‘It’s Really up to China,’ Says Perdue in Assessing Course of Trade War
The USDA began preparing for a trade war with China last fall, before President Trump confronted Beijing over unfair practices or imposed tariffs on Chinese imports, said Agriculture Secretary Sonny Perdue on Tuesday. Perdue said he would prefer a speedy settlement of the tit-for-tat battle of tariffs, but, “It’s really up to China.”
During a broadcast interview, Perdue said the administration recognized from the start that agriculture would be a first-round Chinese target, so he was instructed last year to draw up a plan to mitigate the impact on the sector. “There will be some,” he said. “[Farmers] can’t pay the bills with patriotism and that is what we hope to cure.” An estimated $1 of every $7 in farm exports is at risk in “the trade disruptions we are experiencing.”
“That sounds very passive,” said Mike Allen of Axios, who conducted the interview. “In fact, it’s your president, your administration, that is disrupting trade.”
“I still describe it as the trade disruptions we are experiencing and they understand that,” replied Perdue.
Perdue has dropped hints off and on of USDA’s preparations. Several weeks ago, he told reporters that the budget deal approved by Congress last winter included a provision that expanded his authority to shift money among accounts. He has refused to discuss the format that trade-war aid would take. There is talk on Capitol Hill that up to $30 billion could be expended. The secretary says he will decide around Labor Day if action is needed.
“I hope we can get this resolved prior to six months, all the trade issues,” he said, including the new NAFTA, when Allen asked what the situation would be in half a year. “It’s really up to China” to reform its practices.
Ron Kirk, who was U.S. trade representative during the Obama era, told Allen separately, “I really feel for our farmers because they paid a price for this tariff foolishness.”
“Markets are lost already. Don’t say forever,” said Iowa Senator Charles Grassley during a teleconference. “We can win these back again.” The USDA estimated last week that U.S. soybean exports would fall by 250 million bushels annually because of the Chinese tariffs.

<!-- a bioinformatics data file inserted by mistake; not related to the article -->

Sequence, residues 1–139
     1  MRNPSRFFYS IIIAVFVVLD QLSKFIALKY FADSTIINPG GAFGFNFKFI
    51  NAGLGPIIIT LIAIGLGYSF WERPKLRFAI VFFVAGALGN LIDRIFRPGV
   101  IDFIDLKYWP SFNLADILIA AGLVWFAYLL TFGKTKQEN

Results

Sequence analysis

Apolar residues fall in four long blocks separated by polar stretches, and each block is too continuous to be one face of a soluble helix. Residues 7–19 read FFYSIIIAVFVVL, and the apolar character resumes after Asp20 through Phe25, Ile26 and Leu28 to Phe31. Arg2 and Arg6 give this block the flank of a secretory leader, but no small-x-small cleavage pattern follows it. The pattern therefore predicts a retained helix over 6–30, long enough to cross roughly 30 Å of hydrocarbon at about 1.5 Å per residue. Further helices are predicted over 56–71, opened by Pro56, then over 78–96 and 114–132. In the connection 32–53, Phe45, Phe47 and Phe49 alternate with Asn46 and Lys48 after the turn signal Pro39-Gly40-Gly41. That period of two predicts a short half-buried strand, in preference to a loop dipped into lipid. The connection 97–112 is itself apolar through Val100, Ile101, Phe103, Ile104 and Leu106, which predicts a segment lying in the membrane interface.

Earlier on Tuesday, Japan and the European Union, accounting for one third of the global economy, signed a trade agreement that eliminates tariffs on almost all of the goods they sell to each other. The agreement includes openings for EU farm and fishery products in Japan’s consumer market. “We are sending a clear signal that we stand together against protectionism,” said European Council President Donald Tusk.
A former U.S. trade official, Wendy Cutler, told The Japan Times that the agreement will reduce Japanese reliance on the U.S. market. Japan and the EU hope to ratify the agreement so it comes into effect in March 2019. Japan also is part of the so-called TPP11 nations who agreed to a free trade agreement after Trump withdrew the U.S. from the Trans-Pacific Partnership.
Japan is the fifth largest market for U.S. farm exports. The four largest customers – China, Canada, Mexico, and the EU – have imposed tariffs on an array of U.S. goods, including food and agriculture products, in response to U.S. tariffs on imported steel and aluminum.
To watch a video of the Axios interview with Perdue, click here.
For a Nikkei Asian Review description of the Japan-EU pact, click here.
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